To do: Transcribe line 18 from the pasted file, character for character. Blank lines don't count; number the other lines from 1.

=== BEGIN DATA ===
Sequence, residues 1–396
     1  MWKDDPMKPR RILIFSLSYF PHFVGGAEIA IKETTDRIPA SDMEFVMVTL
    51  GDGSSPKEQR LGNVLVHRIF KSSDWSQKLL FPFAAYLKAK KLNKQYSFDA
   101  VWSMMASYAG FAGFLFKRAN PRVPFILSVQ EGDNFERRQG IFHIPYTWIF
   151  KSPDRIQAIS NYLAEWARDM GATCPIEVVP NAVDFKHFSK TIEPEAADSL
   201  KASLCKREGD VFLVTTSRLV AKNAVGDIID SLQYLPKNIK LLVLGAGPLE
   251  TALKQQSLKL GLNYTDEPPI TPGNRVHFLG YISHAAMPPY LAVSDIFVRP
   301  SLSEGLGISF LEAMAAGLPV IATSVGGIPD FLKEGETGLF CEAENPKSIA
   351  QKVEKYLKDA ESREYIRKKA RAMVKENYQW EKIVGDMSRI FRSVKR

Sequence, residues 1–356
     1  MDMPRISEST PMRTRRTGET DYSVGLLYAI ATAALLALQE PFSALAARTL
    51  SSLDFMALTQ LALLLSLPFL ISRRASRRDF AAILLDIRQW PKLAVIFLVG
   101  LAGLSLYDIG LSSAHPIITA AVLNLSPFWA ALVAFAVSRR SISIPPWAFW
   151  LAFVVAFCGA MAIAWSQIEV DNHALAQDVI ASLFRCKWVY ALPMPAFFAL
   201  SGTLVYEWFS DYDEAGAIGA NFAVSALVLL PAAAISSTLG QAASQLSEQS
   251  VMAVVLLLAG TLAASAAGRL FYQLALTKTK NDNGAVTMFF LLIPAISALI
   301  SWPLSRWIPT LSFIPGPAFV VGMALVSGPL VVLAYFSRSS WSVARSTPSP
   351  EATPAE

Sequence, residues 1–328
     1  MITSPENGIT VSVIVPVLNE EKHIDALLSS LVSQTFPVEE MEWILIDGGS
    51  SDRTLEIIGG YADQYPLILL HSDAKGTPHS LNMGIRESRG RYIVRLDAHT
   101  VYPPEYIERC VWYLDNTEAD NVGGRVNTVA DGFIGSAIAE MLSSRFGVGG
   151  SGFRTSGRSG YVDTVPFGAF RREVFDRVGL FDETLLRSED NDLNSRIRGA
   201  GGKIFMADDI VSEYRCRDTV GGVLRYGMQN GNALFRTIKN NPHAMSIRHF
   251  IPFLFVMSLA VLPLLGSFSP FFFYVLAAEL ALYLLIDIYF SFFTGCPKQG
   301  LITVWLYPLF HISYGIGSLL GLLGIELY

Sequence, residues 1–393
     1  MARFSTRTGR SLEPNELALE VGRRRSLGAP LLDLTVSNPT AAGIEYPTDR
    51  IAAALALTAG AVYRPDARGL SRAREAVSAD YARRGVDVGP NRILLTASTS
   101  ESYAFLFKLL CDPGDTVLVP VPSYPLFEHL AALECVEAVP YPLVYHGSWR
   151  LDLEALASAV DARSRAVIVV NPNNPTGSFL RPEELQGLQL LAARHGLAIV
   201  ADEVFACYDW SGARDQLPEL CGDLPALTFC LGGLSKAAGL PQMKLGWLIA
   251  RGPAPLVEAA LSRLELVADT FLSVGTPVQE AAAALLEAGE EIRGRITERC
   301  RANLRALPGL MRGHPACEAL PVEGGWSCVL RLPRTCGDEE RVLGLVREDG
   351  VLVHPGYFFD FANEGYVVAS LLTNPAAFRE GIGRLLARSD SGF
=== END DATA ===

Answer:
   351  EATPAE